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Vol. 8 (January 2008), No. 7
Copyright 2008 by the Society for French Historical Studies, all rights reserved. No
republication or distribution will be permitted without permission.
Volume 8 (2008)
Vol. 8 (January 2008), No. 7 Richard C. Keller
, Colonial Madness: Psychiatry in French North Africa
Ill.: University of Chicago Press, 2007. xi + 294 pp. Notes, figures, and
bibliography. $70.00 U.S. (cl). ISBN 0-226-42972-5. Review by Vernon Rosario, University of California, Los Angeles.
Rioting erupted all over France in October and November 2005 as poor,
disenfranchised youth from the housing projects (HLM) in the urban periphery reacted to the death of two teens in Clichy-sous-Bois. Nicholas Sarkozy, then
Interior Minister, declared a “zero tolerance” policy towards the violence and cast further oil on the flames by vowing to “éliminer la racaille” (wipe out the rabble) and clean the poor quarters “au Karcher” (a high-pressure industrial hose). On 3
November President Jacques Chirac declared a state of emergency. After twenty days of rioting, almost nine thousand vehicles had been torched and twenty-nine
hundred people arrested. The riots dramatically brought to worldwide public attention the long festering problem of unemployment, poverty, and social alienation
of African and North African immigrants in France. Some conservative, National Front politicians latched on to the events to justify their longstanding xenophobic, “France
for the French” cultural politics as they warned that radical North African Islamists were overrunning the country. The earlier 2004 ban on the wearing of the Muslim scarf in public schools had been another long-running debate on the limits of cultural
pluralism and the nature of French identity. Sarkozy’s tough stance during the riots garnered him support on the right and helped propel him to the presidency in 2007.
His election was as much a referendum on French cultural identity as on economic policy. These events brought to the surface a core dilemma of France’s colonial past:
the goals of “la mission civilisatrice” (the civilizing mission) particularly the capacity of the colonized to be assimilated into (French) civilization.
Richard C. Keller’s Colonial Madness: Psychiatry in French North Africa
provides a valuable perspective on these contemporary issues through the angle of North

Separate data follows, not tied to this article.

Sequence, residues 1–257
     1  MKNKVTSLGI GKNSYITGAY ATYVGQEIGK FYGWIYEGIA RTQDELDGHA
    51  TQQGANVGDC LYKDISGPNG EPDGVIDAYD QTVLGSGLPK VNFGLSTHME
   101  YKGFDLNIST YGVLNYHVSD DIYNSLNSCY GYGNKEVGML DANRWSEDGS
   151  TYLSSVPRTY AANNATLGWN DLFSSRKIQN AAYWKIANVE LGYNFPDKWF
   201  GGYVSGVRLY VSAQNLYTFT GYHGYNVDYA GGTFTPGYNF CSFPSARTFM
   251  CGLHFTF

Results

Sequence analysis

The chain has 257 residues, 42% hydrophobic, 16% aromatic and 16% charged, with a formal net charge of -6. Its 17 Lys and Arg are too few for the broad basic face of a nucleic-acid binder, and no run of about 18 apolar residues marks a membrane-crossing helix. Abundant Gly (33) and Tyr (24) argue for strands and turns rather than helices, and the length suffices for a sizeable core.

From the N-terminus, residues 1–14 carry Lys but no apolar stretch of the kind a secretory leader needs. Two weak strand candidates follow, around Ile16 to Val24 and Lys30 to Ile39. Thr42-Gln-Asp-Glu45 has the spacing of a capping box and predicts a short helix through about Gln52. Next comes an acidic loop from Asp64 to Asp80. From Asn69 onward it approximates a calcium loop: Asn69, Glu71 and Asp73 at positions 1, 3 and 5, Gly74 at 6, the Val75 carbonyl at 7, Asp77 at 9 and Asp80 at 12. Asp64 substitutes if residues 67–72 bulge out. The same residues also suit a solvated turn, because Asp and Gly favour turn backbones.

African psychiatry. His scrupulously documented work is equal parts professional and institutional history of psychiatry and cultural history of madness. Some of his
broad analytic strokes will be familiar to most readers. Post-colonial theory is in evidence. The politics of anti-psychiatry, particularly Foucault’s analysis of
psychiatry and biopolitics, is also a dominant hue. Franz Fanon’s critique of race and racist psychiatry are also carefully represented. However, Keller’s nuanced work
does more than simply excoriate North African psychiatry for being the medical arm of French colonial subjugation of the Maghrebian other (although it was indeed this).
Keller highlights two recurring concepts of French colonial ideology: one, the civilizing mission and, two, the pursuit of mise en valeur
. The latter referred to the
rational economic development (or exploitation) of the colonies, including building infrastructure and management of material and human resources. Colonial
psychiatrists increasingly claimed professional expertise and value in the historically evolving concerns around these two matters. Since the eighteenth century, French
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psychiatry had built up its professional standing on the mainland by developing the notion of mental hygiene and its centrality to an orderly and productive populace.
Engaging in a campaign of mental hygiene in North Africa, however, required adaptation to the sociocultural specifics of the Maghrebians. In this process,
psychiatrists constructed typologies of North Africans that in many ways endure into the twenty-first century. While a few researchers made distinctions concerning the
character and physiognomy of different ethnic groups, such as Berbers and Arabs, Keller tends to lump rather than split the psychiatric approaches in French North
Africa since most writers viewed the North African people as having a similar temperament that was particularly vulnerable to mental illness. In keeping with a long tradition of orientalization and exoticization, North Africans were represented as
hot, violent, primitive, oversexed, superstitious, and irrational. Colonial psychiatrists, therefore, felt their first challenge was to bring the diagnosis and treatment of
insanity from the Islamic Middle Ages into European modernity.
The powerful mythology of Philippe Pinel modernizing French alienism by unshackling the lunatics of the Hôpital de la Salpêtrière was a recurring trope and one that
harmonized perfectly with the civilizing mission. In all fairness, Keller details how the confinement and treatment of the insane prior to colonization was indeed a horror. Medieval Islamic medical theories presented mental illness in Galenic terms, that is,
as a manifestation of humoral imbalance. Since the ninth century, the mentally ill were treated at public expense in maristans.
Dating back to ninth century Baghdad,
these publicly funded Islamic hospices had provided humoral treatment for the insane. However, by the nineteenth century, the maristans